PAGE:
17 Nov 2022

Digital markets regime given go-ahead in the UK

The British Government announced on 17 November 2022 that the Digital Markets Unit (“DMU”) legislation will be brought before Parliament during this session, meaning that its proposals to regulate Big Tech will now progress quickly. The legislation will set out the legal framework for the new regime and it can tentatively be expected to become law by mid-2023. After that, the DMU will write the detailed rules that will apply to the designated companies. Up to now, the EU’s Digital Markets Act (“DMA”) has been ahead of the UK’s version in terms of timing. However, the different procedural framework for the DMU when compared to the DMA means that London’s timings could potentially catch up with Brussels when it comes to deciding what all these new regulatory concepts will mean in practice.  Interested parties will want to carefully review the draft legislation when it is published in early 2023.

Amazon is expected to be among the companies designated as having “strategic market status” and therefore it will be subject to a legally binding set of rules about how it conducts its business.  Each such company will receive its own bespoke rules, which are not yet written. The DMU, which already exists as a division of the Competition and Markets Authority (“CMA”), will be conducting research and analysis ahead of drafting these rules. Interested parties will be invited to contribute their views on the issues raised by e-commerce and there will be a series of public consultations as the regime progresses towards being in force.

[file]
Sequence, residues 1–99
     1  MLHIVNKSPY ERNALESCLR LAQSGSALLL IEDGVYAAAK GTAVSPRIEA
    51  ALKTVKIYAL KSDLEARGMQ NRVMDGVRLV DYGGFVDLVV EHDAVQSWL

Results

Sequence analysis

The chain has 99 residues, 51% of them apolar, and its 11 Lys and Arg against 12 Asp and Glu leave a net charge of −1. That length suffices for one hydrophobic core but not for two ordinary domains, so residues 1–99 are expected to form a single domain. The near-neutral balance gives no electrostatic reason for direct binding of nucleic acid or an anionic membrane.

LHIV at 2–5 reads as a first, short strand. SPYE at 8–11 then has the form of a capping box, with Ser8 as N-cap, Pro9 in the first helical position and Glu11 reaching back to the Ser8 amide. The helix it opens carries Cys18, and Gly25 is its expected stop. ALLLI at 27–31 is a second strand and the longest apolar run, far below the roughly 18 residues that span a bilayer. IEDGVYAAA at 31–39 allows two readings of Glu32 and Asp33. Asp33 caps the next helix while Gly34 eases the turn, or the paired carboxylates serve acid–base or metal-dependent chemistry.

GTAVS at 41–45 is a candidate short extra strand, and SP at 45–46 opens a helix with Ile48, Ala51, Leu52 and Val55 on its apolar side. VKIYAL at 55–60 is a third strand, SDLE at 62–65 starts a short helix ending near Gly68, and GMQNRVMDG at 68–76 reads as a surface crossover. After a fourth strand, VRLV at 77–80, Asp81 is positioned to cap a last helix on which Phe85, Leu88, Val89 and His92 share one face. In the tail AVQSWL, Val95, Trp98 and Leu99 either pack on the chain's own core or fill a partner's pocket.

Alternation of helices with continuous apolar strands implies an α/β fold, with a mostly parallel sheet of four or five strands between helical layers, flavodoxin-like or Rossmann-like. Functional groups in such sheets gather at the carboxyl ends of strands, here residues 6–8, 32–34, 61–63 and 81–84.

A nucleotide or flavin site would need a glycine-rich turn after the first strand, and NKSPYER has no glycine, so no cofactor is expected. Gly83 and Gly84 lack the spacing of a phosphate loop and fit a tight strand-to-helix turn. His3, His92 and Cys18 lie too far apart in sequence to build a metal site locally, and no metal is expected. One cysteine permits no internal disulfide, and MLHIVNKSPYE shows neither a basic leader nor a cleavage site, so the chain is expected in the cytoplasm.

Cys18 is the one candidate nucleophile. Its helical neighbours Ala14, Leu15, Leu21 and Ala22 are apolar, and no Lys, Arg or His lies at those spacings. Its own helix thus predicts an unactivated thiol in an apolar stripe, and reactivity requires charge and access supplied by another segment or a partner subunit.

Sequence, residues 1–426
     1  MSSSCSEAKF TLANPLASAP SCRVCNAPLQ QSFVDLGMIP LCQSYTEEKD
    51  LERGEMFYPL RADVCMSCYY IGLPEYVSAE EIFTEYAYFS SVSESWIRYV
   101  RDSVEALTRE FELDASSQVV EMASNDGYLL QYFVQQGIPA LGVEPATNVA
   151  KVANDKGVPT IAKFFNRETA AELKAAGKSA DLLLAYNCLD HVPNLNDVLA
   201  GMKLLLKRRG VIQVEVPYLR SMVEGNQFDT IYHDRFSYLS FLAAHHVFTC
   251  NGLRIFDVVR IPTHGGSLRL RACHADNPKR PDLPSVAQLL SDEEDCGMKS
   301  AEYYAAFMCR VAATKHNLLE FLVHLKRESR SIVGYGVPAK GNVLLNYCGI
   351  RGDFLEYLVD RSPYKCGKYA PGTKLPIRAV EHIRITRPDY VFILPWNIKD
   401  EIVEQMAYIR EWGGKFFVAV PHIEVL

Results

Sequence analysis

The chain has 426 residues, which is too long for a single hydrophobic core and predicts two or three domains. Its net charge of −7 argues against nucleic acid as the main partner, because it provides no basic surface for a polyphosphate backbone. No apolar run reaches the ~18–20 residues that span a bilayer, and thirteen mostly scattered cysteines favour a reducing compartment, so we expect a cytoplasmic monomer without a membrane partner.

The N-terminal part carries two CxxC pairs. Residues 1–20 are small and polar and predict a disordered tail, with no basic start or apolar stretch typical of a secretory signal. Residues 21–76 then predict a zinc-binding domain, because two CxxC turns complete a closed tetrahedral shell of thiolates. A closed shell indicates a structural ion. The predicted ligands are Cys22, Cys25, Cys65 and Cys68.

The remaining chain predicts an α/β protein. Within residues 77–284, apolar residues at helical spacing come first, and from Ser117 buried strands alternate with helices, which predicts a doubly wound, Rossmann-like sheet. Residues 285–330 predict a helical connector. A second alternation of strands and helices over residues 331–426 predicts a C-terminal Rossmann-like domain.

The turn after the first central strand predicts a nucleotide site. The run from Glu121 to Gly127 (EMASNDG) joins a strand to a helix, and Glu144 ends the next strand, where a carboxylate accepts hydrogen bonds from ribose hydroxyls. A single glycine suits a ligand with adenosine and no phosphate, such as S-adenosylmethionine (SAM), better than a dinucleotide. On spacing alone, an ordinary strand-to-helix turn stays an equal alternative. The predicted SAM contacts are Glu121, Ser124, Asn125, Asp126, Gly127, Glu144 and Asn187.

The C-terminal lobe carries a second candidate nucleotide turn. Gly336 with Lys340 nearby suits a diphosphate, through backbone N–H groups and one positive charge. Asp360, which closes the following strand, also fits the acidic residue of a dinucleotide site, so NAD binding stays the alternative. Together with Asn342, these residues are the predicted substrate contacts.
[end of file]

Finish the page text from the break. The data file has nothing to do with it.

Separately, the CMA also has an ongoing investigation into Amazon’s use of data, which was launched in July 2022. The investigation concerns the way that non-public third-party seller data may be used within Amazon’s retail business, how Amazon sets criteria selecting which product offer is placed within the ‘Buy Box’ and which sellers can list products under Amazon’s ‘Prime label’ on its Marketplace in the UK. The case is similar to the European Commission’s case that is expected to result in some legally-binding commitments, but the CMA has not yet consulted publicly on its proposed outcome. It may or may not come to the same conclusion. If it proposes remedies, third party sellers and other stakeholders will want to carefully analyse them and provide their views to the CMA. Any remedies may ultimately be folded into the DMU’s rulebook.

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